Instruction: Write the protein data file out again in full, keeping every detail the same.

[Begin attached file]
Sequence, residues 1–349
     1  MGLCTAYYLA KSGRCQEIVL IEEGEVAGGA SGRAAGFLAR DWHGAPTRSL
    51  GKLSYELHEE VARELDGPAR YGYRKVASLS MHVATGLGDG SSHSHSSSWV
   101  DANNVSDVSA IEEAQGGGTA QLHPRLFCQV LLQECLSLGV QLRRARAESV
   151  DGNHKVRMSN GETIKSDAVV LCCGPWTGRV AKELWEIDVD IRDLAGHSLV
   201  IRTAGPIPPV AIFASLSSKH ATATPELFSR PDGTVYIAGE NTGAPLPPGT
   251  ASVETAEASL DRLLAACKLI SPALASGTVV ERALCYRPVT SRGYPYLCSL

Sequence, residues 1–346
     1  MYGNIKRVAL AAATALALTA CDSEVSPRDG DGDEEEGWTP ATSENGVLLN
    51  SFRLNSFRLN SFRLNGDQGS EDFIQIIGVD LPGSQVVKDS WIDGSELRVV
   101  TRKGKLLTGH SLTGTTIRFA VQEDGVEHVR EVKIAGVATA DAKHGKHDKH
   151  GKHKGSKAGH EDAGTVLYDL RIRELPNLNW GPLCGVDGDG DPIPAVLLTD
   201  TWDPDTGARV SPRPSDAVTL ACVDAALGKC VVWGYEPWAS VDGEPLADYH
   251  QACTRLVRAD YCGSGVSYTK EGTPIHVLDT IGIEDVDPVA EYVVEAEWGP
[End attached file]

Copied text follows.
Sequence, residues 1–349
     1  MGLCTAYYLA KSGRCQEIVL IEEGEVAGGA SGRAAGFLAR DWHGAPTRSL
    51  GKLSYELHEE VARELDGPAR YGYRKVASLS MHVATGLGDG SSHSHSSSWV
   101  DANNVSDVSA IEEAQGGGTA QLHPRLFCQV LLQECLSLGV QLRRARAESV
   151  DGNHKVRMSN GETIKSDAVV LCCGPWTGRV AKELWEIDVD IRDLAGHSLV
   201  IRTAGPIPPV AIFASLSSKH ATATPELFSR PDGTVYIAGE NTGAPLPPGT
   251  ASVETAEASL DRLLAACKLI SPALASGTVV ERALCYRPVT SRGYPYLCSL

Sequence, residues 1–346
     1  MYGNIKRVAL AAATALALTA CDSEVSPRDG DGDEEEGWTP ATSENGVLLN
    51  SFRLNSFRLN SFRLNGDQGS EDFIQIIGVD LPGSQVVKDS WIDGSELRVV
   101  TRKGKLLTGH SLTGTTIRFA VQEDGVEHVR EVKIAGVATA DAKHGKHDKH
   151  GKHKGSKAGH EDAGTVLYDL RIRELPNLNW GPLCGVDGDG DPIPAVLLTD
   201  TWDPDTGARV SPRPSDAVTL ACVDAALGKC VVWGYEPWAS VDGEPLADYH
   251  QACTRLVRAD YCGSGVSYTK EGTPIHVLDT IGIEDVDPVA EYVVEAEWGP